If you’ve been looking for a gold calculator online, you’re in luck. What you’ve probably noticed is that the price of gold is the highest it has been in the past twenty years, as evidenced by the fact that everybody and their cousin seems to be advertising the fact that they buy gold. Right now the price of gold is ever rising due to increased investor interest in precious stones and metals, which means that now is an excellent time to sell your gold for cash.
You’re likely well aware that gold is a hot item at the market. What you might be less aware of is what, exactly, your gold is worth. Unfortunately, not all of us have gold appraisers lying about the house, and sitting around wondering, “how much is my gold worth?” is not the most productive use of a day. To this end, we’ve developed online cash for gold calculator – that is, a way to plug in the attributes of your particular gold item and get an estimated price for it based on the gold rate of the day.
This gold calculator can help price your gold items and allow you to enter the gold selling market with more confidence. With the calculator, you can calculate your gold price per gram or per ounce – whichever is more convenient for your needs. With this cash for gold calculator at your fingertips, you will no doubt find it easier and faster to figure out how much your gold is worth and what you should be expecting from reputable gold buyers.
The fact of the matter is that when any commodity becomes a hot market item, there are a slew of companies and people who will try and figure out how to separate you from your wares for as little cost to them as possible. Many people are selling their gold at well below market value simply due to ignorance of the market. With this handy tool, you can figure out how much your gold jewelry, gold bars, or even what your scrap gold price should be. Give it a try!
How to Find The Purity of Gold, Silver and Platinum For Gold Jewelry made in the United States or Canada it should be stamped 14K, 18K, 22K or some number greater then 9 and less then 24 with a "K" or "kt" after it. Since 10K is the minimum purity in the U.S. that an item can be sold as "Gold" and 24K is rarely used for making jewelry. The "K" stands for Karat. A Karat is a measure of gold purity. This is sometimes confused with Carat, which is a unit of weight used for diamonds and other gemstones that is equal to 200 milligrams.
1 Karat equals 1/24 of the whole. An alloy made of 14 parts pure gold and 10 parts of copper or some other metal is known as 14K or 14 Karat gold...18 parts pure gold and 6 parts of another metal, is 18K or 18 Karat Gold.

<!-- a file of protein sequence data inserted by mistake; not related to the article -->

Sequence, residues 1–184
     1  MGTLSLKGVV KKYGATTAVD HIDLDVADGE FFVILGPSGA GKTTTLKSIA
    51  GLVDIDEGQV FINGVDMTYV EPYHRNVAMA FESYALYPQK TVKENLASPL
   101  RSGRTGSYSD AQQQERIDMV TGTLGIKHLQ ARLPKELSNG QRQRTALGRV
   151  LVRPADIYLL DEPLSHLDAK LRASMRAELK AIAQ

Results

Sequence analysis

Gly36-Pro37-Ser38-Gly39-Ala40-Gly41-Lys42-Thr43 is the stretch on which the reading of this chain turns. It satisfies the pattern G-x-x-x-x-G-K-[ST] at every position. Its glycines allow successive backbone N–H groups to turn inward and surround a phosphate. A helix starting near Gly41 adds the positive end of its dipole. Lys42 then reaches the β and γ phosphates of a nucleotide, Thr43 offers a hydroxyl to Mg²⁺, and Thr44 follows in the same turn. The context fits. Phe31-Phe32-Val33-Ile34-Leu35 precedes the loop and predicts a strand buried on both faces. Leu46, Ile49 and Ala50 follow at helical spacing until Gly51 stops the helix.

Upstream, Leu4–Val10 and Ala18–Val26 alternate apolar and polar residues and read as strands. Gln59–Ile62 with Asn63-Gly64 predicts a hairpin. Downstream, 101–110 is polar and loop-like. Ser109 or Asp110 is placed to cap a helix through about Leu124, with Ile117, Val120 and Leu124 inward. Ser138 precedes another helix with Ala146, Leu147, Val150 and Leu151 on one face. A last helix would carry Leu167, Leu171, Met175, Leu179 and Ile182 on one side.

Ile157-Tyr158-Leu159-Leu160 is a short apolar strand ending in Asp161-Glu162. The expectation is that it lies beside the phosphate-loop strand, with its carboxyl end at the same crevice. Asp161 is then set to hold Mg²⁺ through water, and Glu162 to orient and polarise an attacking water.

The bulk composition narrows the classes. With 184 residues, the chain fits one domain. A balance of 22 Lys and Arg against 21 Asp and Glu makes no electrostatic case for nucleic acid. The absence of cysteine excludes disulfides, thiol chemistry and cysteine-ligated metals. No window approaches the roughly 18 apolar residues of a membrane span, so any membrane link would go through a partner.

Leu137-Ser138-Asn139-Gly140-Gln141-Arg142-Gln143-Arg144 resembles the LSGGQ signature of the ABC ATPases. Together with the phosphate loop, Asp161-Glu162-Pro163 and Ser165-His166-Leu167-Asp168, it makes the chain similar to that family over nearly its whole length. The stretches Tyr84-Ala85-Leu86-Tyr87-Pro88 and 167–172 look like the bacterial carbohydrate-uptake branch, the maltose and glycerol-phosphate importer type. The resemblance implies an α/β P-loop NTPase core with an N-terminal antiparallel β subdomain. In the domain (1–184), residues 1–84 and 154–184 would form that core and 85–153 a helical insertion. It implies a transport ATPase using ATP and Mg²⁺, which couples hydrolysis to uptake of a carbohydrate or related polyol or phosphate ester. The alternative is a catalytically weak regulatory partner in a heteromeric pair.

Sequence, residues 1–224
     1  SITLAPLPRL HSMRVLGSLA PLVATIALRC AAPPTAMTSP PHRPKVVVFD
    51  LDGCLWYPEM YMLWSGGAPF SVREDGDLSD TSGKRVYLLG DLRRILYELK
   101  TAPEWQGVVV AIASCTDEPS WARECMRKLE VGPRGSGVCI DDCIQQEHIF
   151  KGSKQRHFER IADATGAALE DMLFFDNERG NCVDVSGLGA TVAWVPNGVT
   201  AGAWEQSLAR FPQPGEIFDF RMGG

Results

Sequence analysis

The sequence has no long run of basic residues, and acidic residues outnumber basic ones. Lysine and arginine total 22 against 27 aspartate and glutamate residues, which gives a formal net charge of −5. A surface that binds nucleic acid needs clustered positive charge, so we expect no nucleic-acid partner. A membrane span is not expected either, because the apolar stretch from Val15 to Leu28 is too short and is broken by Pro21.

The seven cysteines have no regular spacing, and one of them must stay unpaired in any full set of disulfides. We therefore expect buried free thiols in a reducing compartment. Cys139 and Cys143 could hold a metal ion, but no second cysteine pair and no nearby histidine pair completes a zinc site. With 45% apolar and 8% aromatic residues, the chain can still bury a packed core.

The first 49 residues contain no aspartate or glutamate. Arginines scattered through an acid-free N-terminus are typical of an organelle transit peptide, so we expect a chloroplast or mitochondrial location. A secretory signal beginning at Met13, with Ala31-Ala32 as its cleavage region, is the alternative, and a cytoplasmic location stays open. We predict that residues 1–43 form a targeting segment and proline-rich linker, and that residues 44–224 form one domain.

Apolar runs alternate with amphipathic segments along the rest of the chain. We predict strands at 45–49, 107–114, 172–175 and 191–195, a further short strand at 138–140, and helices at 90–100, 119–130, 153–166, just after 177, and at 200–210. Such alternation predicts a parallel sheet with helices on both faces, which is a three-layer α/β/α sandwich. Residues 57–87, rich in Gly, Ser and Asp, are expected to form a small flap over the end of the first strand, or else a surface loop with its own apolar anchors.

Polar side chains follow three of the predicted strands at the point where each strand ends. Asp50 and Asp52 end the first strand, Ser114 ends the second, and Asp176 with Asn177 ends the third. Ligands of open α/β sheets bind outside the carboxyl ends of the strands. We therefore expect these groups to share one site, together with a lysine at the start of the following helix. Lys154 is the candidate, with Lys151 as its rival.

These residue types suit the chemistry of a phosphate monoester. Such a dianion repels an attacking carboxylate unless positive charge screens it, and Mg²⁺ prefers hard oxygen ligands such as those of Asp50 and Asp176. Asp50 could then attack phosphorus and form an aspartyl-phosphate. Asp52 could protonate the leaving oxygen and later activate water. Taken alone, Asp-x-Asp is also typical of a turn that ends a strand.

Outside of the U.S. and Canada, the spelling "Carat" is commonly used instead of "Karat" to describe gold purity. You will find the abbreviation "ct." being used and 14ct, 18ct or 9ct... as a purity stamp instead of 14K, 18K or 9K....( It is only in this context, that the words "Carat" and "Karat" describe the same thing, 1/24 part or 1/24 of the whole.)
In Europe, the Parts Per Thousand format is usually stamped to indicate an items gold purity, " .375 " for gold that is 37.5% pure, " .417 " for gold that is 41.7% pure (10K in the U.S.), " .585 " for gold that is 58.5% pure (14K or 58.3% in the U.S.) , " .750 " for gold that is 75% pure (18K in the U.S.).
For Sterling Silver it should be stamped " Sterling "," Ster ", ".925 " or have a symbol or mark that indicates that it is Sterling Silver and not silver plated or stainless steel. The standard or law for which an item can be sold as "sterling silver" is it must contain 92.5% pure silver. There are some resources on the internet to help you find sterling silver hallmarks from silversmith's all over the world.
For Silver, Platinum or Palladium Jewelryit is usually stamped .800, .950, .830, .900 or something in a .000 format. This format is simply expressing the items purity as Parts Per Thousand. If your item is genuine and marked .800 it is 80% pure. If it's marked .950 it's 95% pure. If it's marked .835 it's 83.5% pure precious metal. Platinum jewelry is usually stamped with a "Pt" or "Plat" after the purity.. ..ie, ".950 Pt" or ".950 Plat", "900 Pt" or "900 Plat".
Purity Stamps and Hallmarks: Most all contemporary precious metal goods are by law, stamped to indicate their purity. If your item is unmarked, it may mean that it has been "electroplated" or that it may not be made from precious metal at all, so you will have to do a little more research. Possibly purchase a test kit or take it to a reputable jeweler for a purity test if you are unsure.
Electroplated Goods: If the item is stamped "EPNS" or "EPBM" this indicates that it has been electroplated. When an item has been electroplated, it means that it only has a thin coating of precious metal instead of being a true alloy where the metals are mixed together at melting point temperatures. It is also worth noting that electroplated items are VERY common and basically worthless from a precious metal perspective. They do not contain enough gold or silver to merit refining.
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